“The courses offer restaurant and hotel workers an opportunity to enhance their skills to become more valuable to their current employer and more marketable to future employers,” said Jim Wilson, VRLTA’s Vice President of Education and Workforce Development. “The training offers basics on COVID, food handling, and guest services, plus additional options such as the Certified Restaurant Professional and other designations, courses in preventing sexual harassment and understanding unconscious bias, and training related to allergens and serving alcohol.”
Registration for this training program is expected to be posted on the VRLTA website in the coming weeks.
Meanwhile, Santarella does see some positive changes happening right now.
“As more and more people are getting vaccinated, there are more people who are coming out, enjoying and dining at our restaurants,” she said.
While the restaurant industry is seeing improvements, Terry said hotels are recovering at a slow pace.
“We still kind of maintain some restrictions on that industry,” he added. “So, they’re not able to hold corporate meetings and other events.”
Business travel has not recovered either, but leisure travel has, according to Terry. However, there is the ongoing concern for business hotels.
“Many of our downtown Richmond properties are really struggling for occupancy,” Terry said. “I think the best estimates are it will be 2023 before we see a full recovery of that.”
This project comes as the VRLTA has requested hospitality and tourism relief from the Virginia General Assembly through the American Rescue Plan (ARP) signed March 11, 2021 by President Joe Biden.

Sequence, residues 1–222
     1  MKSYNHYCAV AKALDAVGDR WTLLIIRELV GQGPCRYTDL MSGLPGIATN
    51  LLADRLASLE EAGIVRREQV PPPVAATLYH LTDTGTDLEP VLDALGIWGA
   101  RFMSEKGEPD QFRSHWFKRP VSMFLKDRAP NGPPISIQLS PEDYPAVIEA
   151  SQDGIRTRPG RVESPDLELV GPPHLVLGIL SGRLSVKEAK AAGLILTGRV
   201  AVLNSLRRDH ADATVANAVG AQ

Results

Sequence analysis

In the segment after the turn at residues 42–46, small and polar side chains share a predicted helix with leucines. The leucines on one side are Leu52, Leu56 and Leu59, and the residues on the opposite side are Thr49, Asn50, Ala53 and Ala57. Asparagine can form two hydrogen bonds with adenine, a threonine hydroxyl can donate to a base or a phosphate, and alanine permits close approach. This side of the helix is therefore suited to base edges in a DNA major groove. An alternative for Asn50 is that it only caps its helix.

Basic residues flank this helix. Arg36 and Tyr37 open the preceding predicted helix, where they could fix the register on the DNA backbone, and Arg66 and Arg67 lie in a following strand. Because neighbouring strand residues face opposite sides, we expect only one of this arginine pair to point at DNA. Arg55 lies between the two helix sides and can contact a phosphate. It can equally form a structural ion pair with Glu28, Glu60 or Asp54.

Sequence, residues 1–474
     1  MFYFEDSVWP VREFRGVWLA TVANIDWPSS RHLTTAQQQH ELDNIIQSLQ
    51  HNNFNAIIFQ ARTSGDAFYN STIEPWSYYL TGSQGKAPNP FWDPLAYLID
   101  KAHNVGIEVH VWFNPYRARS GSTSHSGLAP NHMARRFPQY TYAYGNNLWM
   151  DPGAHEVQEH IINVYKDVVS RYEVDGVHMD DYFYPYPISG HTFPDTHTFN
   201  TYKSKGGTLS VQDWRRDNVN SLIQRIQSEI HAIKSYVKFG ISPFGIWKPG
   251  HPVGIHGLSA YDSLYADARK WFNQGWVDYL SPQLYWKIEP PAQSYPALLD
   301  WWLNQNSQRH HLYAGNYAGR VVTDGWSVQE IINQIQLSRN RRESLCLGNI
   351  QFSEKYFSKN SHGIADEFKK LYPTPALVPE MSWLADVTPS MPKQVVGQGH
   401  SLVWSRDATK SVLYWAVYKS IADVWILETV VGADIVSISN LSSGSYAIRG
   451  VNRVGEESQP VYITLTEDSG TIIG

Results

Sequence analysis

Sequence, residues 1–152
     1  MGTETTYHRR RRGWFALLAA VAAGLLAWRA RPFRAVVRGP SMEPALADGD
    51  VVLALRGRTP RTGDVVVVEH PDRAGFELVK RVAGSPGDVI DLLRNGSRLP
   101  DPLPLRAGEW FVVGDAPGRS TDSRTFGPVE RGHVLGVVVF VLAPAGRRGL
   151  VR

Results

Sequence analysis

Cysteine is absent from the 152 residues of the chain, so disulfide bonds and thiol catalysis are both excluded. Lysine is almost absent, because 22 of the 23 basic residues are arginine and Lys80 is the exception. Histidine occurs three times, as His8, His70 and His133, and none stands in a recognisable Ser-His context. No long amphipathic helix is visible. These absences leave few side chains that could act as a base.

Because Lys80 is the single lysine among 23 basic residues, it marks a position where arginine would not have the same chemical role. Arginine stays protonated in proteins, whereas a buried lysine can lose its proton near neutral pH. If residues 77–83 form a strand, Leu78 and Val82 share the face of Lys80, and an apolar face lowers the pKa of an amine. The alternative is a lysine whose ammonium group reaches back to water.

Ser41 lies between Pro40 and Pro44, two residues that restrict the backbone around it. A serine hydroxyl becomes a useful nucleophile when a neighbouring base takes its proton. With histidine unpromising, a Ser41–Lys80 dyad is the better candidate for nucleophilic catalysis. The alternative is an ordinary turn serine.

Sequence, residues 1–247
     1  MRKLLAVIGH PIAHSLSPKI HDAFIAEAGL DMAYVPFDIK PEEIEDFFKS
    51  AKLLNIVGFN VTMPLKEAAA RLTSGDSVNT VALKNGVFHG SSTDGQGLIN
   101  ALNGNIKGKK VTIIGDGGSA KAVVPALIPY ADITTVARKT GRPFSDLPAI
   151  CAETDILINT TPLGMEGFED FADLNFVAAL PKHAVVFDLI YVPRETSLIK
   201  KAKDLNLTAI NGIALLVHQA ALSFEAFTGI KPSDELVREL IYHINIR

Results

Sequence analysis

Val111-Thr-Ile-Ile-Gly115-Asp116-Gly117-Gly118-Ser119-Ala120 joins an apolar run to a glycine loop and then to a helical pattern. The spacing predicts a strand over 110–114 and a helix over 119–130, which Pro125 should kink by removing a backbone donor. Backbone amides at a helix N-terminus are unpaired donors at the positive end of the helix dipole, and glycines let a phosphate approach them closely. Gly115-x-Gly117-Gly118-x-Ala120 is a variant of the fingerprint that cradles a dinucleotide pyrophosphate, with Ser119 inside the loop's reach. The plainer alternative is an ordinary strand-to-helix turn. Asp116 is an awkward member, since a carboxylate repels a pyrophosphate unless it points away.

According to Terry, the relief package will send $350 billion to states, local and tribal governments.
“The ARP stipulates that 25 percent of those funds be devoted to hospitality industry relief efforts, but the legislative text is not specific in how states and local governments should meet that goal,” the VRLTA said.
- Hotels and other lodging establishments: $184.7 million
- Restaurants: $36.7 million
- Attractions: $10 million
- Tourism entities:
- Destination Marketing Organizations/CVBs: $12.25 million
- Virginia Tourism Corporation: $20 million in additional funding over two years
- Convention Centers: $1.5 million
- Campgrounds: $2 million
- Wedding Venues: $4.7 million
According to Terry, the proposal is modeled after what other states and jurisdictions are doing with the funds.
“We’ve been having one-on-one calls with members of the General Assembly and the Governor’s Office and quite frankly I’m encouraged by this response,” he said. “There’s recognition that the industry has been devastated and not of their own accord. I feel confident the recognize the need of the industry.”
The VRLTA also requested $1.5 million in funds to expand the upskilling and job training program along with the job board. The hope is to expand this opportunity state-wide.
An estimated $10 billion in tourism was lost in 2020 due to the COVID-19 pandemic, with another possible $3.8 billion to $7.8 billion to be lost in 2021, according to the VRLTA.
Now, local businesses are encouraging people to get back in the community and support the industry.